Mujaddara is the most famous rice preparation in the Middle East. It is a cheap and yielding dish. In fact, in many countries, the region has been dubbed as "the dish of the poor" since it does not contain meat or nuts, and all its ingredients are very cheap. Which makes it an accessible plate for all pockets. These characteristics made the dish spread rapidly through many countries, achieving worldwide fame.

The word "Mujaddara" means "full of small holes" or "full of holes". This refers to the way the lentils look inside the rice. But despite this unique name, we can assure you that Mujaddara is delicious and full of textures. Of course, unless you are vegan, Mujaddara is not the main dish. It works very well as a companion to other meat-based preparations, particularly lamb.

There are many variations of the Mujaddara. For example, the lentils that we use in our recipe are brown, but they can be green, and also to rice, it is possible to include semolina or bulgur. The caramelized onion in olive oil is mandatory. A good part of caramelized onions on the plate is unrivaled.

History of the Mujaddara

Mujaddara is an extremely ancient dish, and it is difficult to attribute its creation to one person, or even a particular country. Many countries claim to have created it. But this is very difficult to ensure. In the Kitab al-Tabikh (cookbook), written in 1226, by Mohammed bin Hassan al-Baghdadi, the first recipe for Mujaddara is recorded in Iraq. This first version of the recipe differs from the current one, in that it contained minced lamb meat.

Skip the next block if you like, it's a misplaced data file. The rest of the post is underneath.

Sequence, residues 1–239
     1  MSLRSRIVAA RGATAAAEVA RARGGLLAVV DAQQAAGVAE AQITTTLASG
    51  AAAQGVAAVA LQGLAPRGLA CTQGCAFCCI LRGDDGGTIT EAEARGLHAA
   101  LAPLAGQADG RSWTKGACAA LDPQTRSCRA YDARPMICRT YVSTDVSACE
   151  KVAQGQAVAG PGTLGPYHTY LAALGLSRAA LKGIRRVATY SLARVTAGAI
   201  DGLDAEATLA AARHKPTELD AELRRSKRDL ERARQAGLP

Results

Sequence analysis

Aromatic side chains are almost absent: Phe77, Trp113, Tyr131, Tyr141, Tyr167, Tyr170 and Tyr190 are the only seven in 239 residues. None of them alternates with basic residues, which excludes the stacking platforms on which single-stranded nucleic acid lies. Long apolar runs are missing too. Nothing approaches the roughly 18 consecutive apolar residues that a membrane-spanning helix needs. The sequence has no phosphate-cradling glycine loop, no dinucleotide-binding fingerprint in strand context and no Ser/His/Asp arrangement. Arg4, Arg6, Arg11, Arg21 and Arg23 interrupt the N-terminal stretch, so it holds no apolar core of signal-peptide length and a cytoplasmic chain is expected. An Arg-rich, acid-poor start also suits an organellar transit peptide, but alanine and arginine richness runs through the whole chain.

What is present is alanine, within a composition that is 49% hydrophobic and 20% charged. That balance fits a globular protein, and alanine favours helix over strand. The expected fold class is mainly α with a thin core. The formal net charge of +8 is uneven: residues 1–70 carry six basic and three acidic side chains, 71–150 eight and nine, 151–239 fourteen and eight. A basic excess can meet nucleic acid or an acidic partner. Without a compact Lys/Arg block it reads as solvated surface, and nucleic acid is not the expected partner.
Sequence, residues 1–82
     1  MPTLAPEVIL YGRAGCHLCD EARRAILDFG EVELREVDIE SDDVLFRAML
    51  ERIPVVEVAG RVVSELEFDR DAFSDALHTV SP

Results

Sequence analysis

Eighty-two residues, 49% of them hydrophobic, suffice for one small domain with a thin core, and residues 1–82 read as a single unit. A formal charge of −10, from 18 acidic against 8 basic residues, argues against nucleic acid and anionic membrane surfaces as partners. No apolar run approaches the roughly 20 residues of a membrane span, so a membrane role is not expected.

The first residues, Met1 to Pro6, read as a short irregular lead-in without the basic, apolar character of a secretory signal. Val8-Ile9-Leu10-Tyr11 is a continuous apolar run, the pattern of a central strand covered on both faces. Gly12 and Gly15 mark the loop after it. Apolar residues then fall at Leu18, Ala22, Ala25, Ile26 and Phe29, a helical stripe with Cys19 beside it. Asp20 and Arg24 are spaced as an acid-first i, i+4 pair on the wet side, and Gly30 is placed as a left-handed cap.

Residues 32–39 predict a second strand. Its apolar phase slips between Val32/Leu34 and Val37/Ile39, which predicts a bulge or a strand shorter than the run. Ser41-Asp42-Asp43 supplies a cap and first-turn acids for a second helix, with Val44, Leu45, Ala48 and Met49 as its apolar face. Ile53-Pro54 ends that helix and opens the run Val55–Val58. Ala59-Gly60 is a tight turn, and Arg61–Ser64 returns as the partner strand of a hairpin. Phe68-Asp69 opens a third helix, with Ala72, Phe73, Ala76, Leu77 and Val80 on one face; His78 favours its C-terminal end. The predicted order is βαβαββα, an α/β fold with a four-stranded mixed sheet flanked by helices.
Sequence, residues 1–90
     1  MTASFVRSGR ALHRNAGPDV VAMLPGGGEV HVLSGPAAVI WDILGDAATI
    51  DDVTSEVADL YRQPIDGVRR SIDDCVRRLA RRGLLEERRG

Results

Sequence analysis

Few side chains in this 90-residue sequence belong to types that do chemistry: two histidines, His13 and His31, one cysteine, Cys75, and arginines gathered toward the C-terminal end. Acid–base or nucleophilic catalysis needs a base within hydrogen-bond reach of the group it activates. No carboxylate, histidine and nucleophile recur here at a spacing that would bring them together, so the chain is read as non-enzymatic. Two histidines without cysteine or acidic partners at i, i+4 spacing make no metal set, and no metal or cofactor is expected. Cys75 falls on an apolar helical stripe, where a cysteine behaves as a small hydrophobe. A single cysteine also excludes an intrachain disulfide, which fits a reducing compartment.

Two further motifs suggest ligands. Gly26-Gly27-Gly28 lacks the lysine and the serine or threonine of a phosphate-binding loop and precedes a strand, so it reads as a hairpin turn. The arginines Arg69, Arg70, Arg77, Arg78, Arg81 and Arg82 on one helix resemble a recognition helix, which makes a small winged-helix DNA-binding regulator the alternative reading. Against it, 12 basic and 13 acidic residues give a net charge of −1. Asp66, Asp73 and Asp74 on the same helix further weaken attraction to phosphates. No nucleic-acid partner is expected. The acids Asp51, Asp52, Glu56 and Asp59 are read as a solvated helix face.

It is also known that the Arabs in the Middle Ages prepared a recipe without meat, more like our traditional mujaddara.

In a passage of the Torah, it is narrated that Jacob serves a plate of red stew to his twin brother Esau. In exchange for the latter giving him the right of inheritance from him. Possibly that lentil dish was a variant of the current Mujaddara.

Particularly in Israel and other Jewish communities in the Middle East, Mujaddara is widely consumed, especially on days when meat cannot be eaten. So, it is also a highly appreciated dish among vegans and vegetarians today.

There are many variations of this dish. As we already said, there are those who use different types of lentils, green, red, or black. The cooking of the lentils can also vary. In some versions, the lentils are cooked until they melt, and once they have been pureed, they are mixed with the rice. Wheat, semolina, or couscous also serve as variations of Mujaddara. The well-browned onion is the common ingredient in any of these cases. There are those who substitute olive oil for clarified butter or ghee.

Here we wanted to make the most popular and simple version of Mujaddara, rice, brown lentils, and lots of caramelized onions.


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